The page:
"Hi Noah, In "Land a Literary Agent" you say that a draft you send in to an agent should go through "20 or 40 revisions" first. I've never heard a consistent definition of revision, so I'm wondering what your idea of a revision is. I've heard "revision" mean everything from a complete rewrite to a read-through with a couple of minor grammatical changes. On a side note, thank you for making your work so available. I've read "Land a Literary Agent," "Write a Query Letter," and "Ask a Literary Agent Year 1," and I am currently reading "The Plot Thickens." I'm working on my first novel and I plan to use what I've learned from you to sell my book when it's done. Thanks"
There is no firm rule us to how many revisions a work must go through. In my books on the craft of writing, which are read by a lot of beginning writers, I tend to be more strict, and err on the side of suggesting more, rather than fewer, revisions. A common problem among first-time authors is that they will assume that their book hardly needs to be revised before sending it out to publishing professionals. They might just go through one cursory revision and send it off in haste. By impressing the point for a great number revisions, my hope is that they take it to heart, and that they will do at least two or three revisions, even if I know they will not do twenty.
There is no fast rule for what defines a revision. Typically, a revision is considered to be a pass through your entire book. If it is a first revision, one would assume that a lot more work would be entailed in that pass than, for example, a fourth or fifth revision. By the time you get close to your final revision, it could certainly be a matter of just skimming through and looking for certain grammatical or typographical issues. It is different for every writer.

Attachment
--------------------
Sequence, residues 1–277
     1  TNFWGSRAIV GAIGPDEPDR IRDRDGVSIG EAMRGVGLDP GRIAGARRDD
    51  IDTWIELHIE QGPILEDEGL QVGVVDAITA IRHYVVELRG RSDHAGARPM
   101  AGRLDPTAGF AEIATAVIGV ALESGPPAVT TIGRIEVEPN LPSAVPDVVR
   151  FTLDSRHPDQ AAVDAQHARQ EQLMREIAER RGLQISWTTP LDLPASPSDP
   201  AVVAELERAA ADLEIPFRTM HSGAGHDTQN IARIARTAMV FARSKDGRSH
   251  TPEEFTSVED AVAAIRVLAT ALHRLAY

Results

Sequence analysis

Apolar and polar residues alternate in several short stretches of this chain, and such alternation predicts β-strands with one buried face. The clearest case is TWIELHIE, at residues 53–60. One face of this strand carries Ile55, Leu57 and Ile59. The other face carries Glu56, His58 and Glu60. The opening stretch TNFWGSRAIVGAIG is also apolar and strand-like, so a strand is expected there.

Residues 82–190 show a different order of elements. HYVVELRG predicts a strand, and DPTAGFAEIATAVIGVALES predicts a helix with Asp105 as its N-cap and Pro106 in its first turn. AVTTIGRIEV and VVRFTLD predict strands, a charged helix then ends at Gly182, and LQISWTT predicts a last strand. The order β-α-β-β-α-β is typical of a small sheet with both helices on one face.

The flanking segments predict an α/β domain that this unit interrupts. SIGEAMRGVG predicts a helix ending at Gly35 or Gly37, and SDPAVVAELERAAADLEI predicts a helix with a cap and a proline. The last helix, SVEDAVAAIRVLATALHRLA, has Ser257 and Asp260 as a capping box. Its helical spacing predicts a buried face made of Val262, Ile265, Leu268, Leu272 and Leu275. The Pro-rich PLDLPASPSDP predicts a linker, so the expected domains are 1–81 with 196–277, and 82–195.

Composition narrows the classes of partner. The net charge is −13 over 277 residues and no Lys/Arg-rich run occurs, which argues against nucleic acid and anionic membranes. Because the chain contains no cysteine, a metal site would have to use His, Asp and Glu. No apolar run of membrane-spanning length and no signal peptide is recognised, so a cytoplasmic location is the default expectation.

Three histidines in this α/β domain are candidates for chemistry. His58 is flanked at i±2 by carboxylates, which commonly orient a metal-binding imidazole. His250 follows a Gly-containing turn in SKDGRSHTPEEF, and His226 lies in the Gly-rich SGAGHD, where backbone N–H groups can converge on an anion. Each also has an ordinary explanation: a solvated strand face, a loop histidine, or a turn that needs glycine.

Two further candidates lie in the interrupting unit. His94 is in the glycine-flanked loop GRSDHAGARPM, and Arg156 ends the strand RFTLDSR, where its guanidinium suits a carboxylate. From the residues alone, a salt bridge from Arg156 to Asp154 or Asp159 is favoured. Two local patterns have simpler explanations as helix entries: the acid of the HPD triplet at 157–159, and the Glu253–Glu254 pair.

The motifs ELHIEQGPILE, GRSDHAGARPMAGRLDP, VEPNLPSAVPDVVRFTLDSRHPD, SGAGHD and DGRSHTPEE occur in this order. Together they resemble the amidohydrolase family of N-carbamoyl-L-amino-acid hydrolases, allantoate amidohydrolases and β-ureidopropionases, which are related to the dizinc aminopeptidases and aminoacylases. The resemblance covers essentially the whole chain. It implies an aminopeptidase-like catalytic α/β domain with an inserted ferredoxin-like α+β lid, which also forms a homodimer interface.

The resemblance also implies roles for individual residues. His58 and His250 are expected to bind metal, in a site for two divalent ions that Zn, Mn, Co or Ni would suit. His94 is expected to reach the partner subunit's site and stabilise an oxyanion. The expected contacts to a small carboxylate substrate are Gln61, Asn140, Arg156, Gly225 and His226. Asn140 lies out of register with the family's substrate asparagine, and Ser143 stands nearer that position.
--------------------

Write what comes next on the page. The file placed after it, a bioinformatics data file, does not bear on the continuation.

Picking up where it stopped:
The other important thing to consider when it comes to revising your work is the issue, often overlooked, of time. We as human beings are changing every day, and the way that we perceive our own work will change from the day we wrote it, to a week later, to a month later, to three months later, to six months later, to a year later. That is one of the great virtues of giving yourself time between revisions: it gives you distance away from your work, gives the work time to breathe. It gives you a different perspective. You might notice that if you pick up a work that you have written five years later, you may have the funny experience of not even remembering what you wrote, or being surprised that you wrote it. That is because you have changed.
That said, there is also a great merit to not giving yourself time between other revisions. In fact, it is crucial that you hold your entire book in your head through some revisions, so that you can remember, in one sitting, instances of repetition. This is why all different types of revisions are called for: the revision done immediately, the revision done after time, the revision done in one sitting, and the revision done over multiple sittings. Just as there is a great virtue to holding your entire book in your head in one sitting, there's also a virtue in a different type of revision, of isolating a random chapter and approaching it out of context. This will put it in yet another light.
That said, you don't want to revise forever, either. After a certain point, you have to let your book go. You learn a tremendous amount through revision, perhaps even more than by writing. I've heard it said that 90 percent of all writing is revision. But what some writers don't realize is that you also learn a tremendous amount by letting a book go. Through moving onto a new book. The learning curve on a single work is finite. In order to grow as a writer, you will need to embark on a completely new work, maybe even in a different genre.